This course will become read-only in the near future. Tell us at if that is a problem.

Edit and change the resources as needed.

What changes do you want to make to the existing resources? Do you have the rights to make changes according to the open license on the work?


You grabbed a picture from Flickr and you want to crop it to remove that blurry finger in the upper left corner. Or you found a Wikipedia article related to your topic, but only parts of it are relevant. Now is the time to modify, revise, edit, or remix the resources you found in order to teach your topic the way you want to teach it.
You can often make these changes and edits to the resource directly, depending on where the resource is hosted. For example, YouTube's Video Editor allows you to remix CC BY-licensed videos on its platform, and Wikipedia allows anyone to edit articles. Or, you may just want to download the resource and modify it offline.


This (Untitled photo by Eric Bremer, CC BY-NC license):
One Robot (graffiti)
Becomes this (3 Robots Remix by Jim Younkin, CC BY-NC-SA license):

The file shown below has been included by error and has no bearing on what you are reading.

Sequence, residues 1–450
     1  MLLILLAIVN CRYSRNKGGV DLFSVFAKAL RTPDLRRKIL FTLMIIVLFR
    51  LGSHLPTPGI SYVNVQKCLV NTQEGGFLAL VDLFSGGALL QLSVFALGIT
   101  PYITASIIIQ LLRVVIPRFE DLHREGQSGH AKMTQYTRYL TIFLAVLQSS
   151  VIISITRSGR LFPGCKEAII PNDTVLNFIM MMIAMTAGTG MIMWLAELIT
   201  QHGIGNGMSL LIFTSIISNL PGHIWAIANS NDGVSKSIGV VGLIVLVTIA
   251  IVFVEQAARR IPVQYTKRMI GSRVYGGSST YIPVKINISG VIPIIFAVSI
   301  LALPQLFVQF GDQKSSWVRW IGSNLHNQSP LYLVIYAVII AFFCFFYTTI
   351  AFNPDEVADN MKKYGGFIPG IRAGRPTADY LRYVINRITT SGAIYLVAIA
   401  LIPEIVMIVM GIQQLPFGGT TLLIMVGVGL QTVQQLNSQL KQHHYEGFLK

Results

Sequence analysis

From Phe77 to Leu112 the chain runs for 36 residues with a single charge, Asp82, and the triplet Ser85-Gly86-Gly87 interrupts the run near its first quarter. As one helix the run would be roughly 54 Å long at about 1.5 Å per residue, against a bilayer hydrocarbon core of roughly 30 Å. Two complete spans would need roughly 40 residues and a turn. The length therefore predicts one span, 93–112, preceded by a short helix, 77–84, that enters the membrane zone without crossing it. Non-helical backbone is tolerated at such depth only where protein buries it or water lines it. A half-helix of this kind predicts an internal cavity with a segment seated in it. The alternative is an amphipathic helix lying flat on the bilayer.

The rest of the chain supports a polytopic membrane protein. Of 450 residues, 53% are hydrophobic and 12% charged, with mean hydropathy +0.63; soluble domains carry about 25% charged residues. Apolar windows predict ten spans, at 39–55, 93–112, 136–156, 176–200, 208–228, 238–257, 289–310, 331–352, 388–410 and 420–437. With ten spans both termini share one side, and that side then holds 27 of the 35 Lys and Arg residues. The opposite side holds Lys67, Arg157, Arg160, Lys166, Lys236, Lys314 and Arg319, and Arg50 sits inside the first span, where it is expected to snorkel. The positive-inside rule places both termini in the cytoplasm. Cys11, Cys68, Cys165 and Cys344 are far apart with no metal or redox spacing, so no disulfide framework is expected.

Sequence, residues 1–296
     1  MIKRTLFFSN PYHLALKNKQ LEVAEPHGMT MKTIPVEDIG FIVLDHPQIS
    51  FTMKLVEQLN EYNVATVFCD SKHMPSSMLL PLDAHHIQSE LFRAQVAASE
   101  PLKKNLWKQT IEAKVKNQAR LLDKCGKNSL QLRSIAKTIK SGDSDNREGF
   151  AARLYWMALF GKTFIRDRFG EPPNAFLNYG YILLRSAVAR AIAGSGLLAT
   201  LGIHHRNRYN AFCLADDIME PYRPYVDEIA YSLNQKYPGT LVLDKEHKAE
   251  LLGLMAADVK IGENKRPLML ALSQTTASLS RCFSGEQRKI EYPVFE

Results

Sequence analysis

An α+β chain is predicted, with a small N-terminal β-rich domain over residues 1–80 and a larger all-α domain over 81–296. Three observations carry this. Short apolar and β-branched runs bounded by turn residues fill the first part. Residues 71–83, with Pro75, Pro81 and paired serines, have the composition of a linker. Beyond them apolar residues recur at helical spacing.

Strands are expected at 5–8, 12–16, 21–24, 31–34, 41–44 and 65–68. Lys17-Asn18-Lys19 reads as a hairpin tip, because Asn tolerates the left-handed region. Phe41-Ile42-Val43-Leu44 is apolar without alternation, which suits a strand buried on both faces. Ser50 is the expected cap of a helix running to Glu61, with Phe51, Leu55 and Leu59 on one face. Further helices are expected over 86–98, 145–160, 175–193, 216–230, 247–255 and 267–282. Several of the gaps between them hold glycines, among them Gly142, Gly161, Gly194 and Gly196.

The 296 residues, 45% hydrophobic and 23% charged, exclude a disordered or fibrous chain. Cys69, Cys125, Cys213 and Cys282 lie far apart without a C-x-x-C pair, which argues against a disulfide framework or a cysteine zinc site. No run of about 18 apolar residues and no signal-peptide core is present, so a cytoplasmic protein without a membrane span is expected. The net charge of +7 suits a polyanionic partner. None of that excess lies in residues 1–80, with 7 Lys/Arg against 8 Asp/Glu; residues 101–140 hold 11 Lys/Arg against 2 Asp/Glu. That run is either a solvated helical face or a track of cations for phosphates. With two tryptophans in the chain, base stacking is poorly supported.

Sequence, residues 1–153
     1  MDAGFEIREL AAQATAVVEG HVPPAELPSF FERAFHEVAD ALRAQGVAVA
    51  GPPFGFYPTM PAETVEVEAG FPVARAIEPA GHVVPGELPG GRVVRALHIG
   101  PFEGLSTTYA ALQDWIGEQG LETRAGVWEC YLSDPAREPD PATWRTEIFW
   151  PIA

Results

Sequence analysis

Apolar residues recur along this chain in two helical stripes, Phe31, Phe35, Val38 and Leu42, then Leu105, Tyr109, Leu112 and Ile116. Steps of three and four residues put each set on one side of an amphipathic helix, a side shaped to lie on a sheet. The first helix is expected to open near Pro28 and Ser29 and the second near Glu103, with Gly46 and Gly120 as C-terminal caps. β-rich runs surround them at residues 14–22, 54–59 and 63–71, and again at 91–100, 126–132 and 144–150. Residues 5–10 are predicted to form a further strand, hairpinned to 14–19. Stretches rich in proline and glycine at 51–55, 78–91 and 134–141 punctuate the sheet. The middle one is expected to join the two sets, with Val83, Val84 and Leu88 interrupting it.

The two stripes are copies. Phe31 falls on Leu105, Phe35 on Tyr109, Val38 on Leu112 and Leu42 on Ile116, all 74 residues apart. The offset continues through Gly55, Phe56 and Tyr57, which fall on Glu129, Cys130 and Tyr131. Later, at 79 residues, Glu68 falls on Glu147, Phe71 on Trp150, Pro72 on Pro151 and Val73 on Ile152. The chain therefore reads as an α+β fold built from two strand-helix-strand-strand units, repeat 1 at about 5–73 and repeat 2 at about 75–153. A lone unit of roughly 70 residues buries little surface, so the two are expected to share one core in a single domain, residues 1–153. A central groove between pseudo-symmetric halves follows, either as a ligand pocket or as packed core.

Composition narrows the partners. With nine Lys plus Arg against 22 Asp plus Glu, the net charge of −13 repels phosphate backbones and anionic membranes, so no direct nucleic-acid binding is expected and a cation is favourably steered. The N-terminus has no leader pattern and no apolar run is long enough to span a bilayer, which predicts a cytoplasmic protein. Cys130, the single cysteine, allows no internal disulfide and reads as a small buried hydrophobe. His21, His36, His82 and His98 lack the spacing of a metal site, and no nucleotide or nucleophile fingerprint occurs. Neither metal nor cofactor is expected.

3 Robots Remix

A note about "No Derivatives" and "Share Alike"

No Derivatives. Some CC licenses have a "No Derivatives" or ND clause. It says that you can only use that resource exactly how it's been shared with you. That means no cropping the image, fixing the grammatical errors in a paragraph, or even brightening a picture. If you want to edit or modify the resource you find, be sure to choose one that does not have the ND clause.
Share Alike. Other CC licenses have a "Share Alike" or SA clause. This means that you are allowed to make changes to the work, but you have to share that altered work using the same license as the original. If the original was CC BY-NC-SA, the edited version you create must also be CC BY-NC-SA. If you don't want to share your work under the same license as the original, choose resources that do not have the SA clause.
To learn more about the different CC licenses, check out the Get CC Savvy challenge.


Modify the resources you found so that they better suit your topic, teaching style, and needs. What kinds of changes did you make, and why? If you were lucky enough to find resources that suit your topic and teaching style without any modification, tell us what makes them work so well for you. How did you remix your resource? What tools did you use?

Task Discussion